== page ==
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Luana Savings Bank v. Caspersen

Court of Appeals of Iowa

March 22, 2017

LUANA SAVINGS BANK, Plaintiff-Appellant,
RONALD CASPERSEN, Defendant-Appellee.

         Appeal from the Iowa District Court for Clayton County, Margaret L. Lingreen, Judge.

         A bank appeals the district court's ruling in a breach-of-contract action. REVERSED AND REMANDED.

          Erik W. Fern of Putnam, Fern & Thompson Law Office, PLLC, Decorah, for appellant.

          Zachary C. Herrmann, Elkader, for appellee.

          Considered by Vogel, P.J., and Tabor and Mullins, JJ.

          VOGEL, Presiding Judge.

         Luana Savings Bank (the Bank) appeals from the district court's ruling in a breach-of-contract action instituted by the Bank against Ronald Caspersen. Specifically, the Bank argues Caspersen, who was a co-signor on a promissory note, was not entitled to a credit for the surplus from a foreclosure sale of the home of the other borrowers. Caspersen asserts the note was secured by a mortgage on the home and, thus, he was entitled to credit for the surplus amount. Because we conclude the note was not secured by the mortgage on the home, we reverse the ruling of the district court and remand for entry of judgment consistent with this opinion.

         I. Background Facts and Proceedings

         In early 2009, William and Shelly Mack contacted the Bank about financing for the purchase of a home at 209 Truman Street in Luana, Iowa. Because the Macks were not able to fund the entire purchase price of the home on their own, the Bank made two loans to the Macks on April 18, 2009. One loan, for $71, 350, signed only by the Macks, was secured as part of an open-end mortgage and included only the Macks as mortgagors. The mortgage instrument contained the following language:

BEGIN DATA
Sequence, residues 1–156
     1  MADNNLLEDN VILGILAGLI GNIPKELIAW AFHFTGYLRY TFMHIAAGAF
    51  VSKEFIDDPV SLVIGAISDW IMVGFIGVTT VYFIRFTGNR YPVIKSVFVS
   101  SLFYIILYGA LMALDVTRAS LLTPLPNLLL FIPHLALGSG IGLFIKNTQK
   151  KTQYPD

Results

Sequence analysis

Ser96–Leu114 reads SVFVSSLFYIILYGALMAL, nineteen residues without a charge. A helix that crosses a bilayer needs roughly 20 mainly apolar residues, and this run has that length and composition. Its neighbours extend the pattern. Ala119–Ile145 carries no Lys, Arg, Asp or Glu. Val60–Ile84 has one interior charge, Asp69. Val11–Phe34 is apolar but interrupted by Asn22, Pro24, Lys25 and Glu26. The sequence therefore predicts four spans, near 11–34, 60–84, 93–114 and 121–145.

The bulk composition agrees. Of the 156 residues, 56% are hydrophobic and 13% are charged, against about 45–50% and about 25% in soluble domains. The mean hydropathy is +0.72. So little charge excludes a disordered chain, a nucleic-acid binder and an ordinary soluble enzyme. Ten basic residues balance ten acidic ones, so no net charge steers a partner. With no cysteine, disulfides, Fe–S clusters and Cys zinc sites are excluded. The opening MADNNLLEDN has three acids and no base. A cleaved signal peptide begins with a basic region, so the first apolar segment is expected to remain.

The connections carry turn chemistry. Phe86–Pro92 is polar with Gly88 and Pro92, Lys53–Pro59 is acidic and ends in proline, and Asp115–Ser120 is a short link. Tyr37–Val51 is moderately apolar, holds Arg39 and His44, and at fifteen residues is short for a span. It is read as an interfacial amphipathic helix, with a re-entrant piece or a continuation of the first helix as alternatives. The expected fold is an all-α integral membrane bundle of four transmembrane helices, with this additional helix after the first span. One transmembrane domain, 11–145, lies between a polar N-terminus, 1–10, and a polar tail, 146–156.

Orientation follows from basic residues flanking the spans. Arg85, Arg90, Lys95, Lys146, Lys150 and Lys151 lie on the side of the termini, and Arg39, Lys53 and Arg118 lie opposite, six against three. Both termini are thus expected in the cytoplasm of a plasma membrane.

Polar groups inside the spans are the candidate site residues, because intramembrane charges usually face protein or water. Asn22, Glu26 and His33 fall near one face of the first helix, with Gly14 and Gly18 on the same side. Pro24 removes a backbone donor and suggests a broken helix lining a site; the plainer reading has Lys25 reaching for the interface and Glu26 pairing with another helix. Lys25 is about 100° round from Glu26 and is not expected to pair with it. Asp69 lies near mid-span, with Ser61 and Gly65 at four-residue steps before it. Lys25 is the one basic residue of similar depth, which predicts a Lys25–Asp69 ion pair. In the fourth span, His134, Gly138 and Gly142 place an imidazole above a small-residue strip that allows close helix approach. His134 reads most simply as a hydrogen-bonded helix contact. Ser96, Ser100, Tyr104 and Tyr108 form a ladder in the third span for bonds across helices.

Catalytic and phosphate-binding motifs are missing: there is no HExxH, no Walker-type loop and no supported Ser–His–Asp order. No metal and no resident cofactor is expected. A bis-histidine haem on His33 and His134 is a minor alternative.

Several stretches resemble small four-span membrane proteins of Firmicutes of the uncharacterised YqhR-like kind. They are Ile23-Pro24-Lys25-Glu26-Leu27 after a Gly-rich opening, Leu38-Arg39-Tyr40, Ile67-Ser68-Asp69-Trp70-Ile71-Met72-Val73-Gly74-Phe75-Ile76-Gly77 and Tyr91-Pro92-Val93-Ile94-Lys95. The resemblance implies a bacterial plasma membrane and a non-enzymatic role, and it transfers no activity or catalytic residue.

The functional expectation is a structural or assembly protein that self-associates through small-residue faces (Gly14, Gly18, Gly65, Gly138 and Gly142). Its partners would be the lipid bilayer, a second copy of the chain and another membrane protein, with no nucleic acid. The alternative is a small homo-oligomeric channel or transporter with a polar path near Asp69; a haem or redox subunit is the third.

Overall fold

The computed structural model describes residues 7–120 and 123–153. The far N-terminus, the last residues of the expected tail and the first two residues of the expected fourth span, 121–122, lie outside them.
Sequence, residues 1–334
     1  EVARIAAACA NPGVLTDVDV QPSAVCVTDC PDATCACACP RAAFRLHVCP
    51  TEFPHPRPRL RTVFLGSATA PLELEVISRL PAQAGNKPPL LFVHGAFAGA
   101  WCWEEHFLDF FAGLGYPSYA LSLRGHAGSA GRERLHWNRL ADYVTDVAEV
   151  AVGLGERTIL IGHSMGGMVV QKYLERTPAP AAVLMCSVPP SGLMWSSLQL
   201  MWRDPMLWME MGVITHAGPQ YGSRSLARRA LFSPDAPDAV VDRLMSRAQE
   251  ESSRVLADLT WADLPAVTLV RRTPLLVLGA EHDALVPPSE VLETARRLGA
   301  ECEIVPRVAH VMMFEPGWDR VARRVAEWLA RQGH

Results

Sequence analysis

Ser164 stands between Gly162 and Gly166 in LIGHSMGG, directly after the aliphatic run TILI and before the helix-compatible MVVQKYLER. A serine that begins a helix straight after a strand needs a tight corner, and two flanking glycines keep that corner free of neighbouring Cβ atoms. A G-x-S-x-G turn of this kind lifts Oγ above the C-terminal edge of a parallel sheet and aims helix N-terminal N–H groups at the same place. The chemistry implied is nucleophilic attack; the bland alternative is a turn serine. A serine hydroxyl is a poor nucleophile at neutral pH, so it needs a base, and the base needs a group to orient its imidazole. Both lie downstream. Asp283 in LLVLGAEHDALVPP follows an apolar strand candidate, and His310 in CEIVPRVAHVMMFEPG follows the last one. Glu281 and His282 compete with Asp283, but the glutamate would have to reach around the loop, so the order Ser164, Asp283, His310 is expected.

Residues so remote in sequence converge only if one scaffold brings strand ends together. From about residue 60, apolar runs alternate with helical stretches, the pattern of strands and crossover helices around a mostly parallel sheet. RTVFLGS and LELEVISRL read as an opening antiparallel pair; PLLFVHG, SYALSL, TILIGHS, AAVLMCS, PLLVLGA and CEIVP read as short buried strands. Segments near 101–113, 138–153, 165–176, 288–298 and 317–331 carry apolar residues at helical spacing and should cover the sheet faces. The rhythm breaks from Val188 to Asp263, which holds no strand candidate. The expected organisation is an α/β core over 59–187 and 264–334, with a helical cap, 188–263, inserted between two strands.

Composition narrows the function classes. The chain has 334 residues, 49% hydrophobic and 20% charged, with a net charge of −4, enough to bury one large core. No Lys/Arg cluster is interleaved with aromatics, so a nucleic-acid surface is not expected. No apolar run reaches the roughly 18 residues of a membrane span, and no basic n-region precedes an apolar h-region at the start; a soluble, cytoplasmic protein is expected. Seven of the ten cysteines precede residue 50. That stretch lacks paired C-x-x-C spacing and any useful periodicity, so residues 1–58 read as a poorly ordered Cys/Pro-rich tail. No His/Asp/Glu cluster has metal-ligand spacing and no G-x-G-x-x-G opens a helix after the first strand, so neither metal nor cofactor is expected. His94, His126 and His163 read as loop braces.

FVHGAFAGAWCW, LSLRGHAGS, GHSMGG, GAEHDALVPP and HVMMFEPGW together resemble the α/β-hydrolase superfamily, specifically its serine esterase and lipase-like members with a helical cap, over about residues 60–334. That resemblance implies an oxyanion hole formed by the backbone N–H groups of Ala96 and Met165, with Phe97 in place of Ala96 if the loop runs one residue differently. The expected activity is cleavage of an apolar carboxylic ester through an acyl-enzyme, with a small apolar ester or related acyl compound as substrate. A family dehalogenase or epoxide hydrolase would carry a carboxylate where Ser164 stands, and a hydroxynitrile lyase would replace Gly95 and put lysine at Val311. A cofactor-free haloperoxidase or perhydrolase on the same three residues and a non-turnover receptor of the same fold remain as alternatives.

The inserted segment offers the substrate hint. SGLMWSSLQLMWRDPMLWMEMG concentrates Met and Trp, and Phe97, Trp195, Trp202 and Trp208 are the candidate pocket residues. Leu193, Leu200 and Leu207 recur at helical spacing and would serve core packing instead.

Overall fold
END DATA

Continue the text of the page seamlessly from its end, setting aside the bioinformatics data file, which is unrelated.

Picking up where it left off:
For good and valuable consideration, the receipt and sufficiency which is acknowledged, and to secure the Secured Debt (defined below) and Mortgagor's performance under this Security Instrument, Mortgagor grants, bargains, warrants, conveys, and mortgages to Lender the Following described property:

         followed by a legal description and the address of the property. Under the "Secured Debt And Future Advances" section of the mortgage agreement, "Real Estate Loans of $71, 350.00 & $17, 000.00 for William D and Shelly A Mack Dated 4/18/09" was listed. The second loan, for $17, 000, was made on a consumer credit transaction form, and signed by the Macks and Caspersen. It contained this language: "Security: This note is secured by (describe separate document by type (e.g., deed of trust) and date)." The document then listed three vehicles but made no mention of the mortgage instrument. In the "Purpose" section of the agreement, "Balance Of Home Purchase" was listed. The note also contained a section entitled "Other Security, " which read: "Any present or future agreement securing any other debt I owe you also will secure the payment of this loan." It further stated: "Obligations Independent. I understand that my obligation to pay this loan is independent of the obligation of any other person who has also agreed to pay it."